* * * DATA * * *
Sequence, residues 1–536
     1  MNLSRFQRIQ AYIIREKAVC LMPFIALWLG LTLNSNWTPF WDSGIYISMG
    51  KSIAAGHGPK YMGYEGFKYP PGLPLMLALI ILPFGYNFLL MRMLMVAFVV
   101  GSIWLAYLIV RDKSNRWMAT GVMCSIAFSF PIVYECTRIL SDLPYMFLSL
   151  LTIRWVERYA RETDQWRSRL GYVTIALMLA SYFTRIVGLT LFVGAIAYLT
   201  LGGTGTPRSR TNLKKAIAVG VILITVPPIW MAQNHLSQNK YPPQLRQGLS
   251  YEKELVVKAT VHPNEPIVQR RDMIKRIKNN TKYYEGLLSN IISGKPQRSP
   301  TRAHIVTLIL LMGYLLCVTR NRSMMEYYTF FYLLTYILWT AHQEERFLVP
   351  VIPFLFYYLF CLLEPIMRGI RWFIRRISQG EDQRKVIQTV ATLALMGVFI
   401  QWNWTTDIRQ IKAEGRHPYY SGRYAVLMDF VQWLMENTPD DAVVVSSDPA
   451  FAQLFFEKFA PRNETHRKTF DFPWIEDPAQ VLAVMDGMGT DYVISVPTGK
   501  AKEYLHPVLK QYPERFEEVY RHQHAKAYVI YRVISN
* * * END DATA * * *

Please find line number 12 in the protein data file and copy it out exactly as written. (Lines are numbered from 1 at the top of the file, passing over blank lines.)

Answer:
   501  AKEYLHPVLK QYPERFEEVY RHQHAKAYVI YRVISN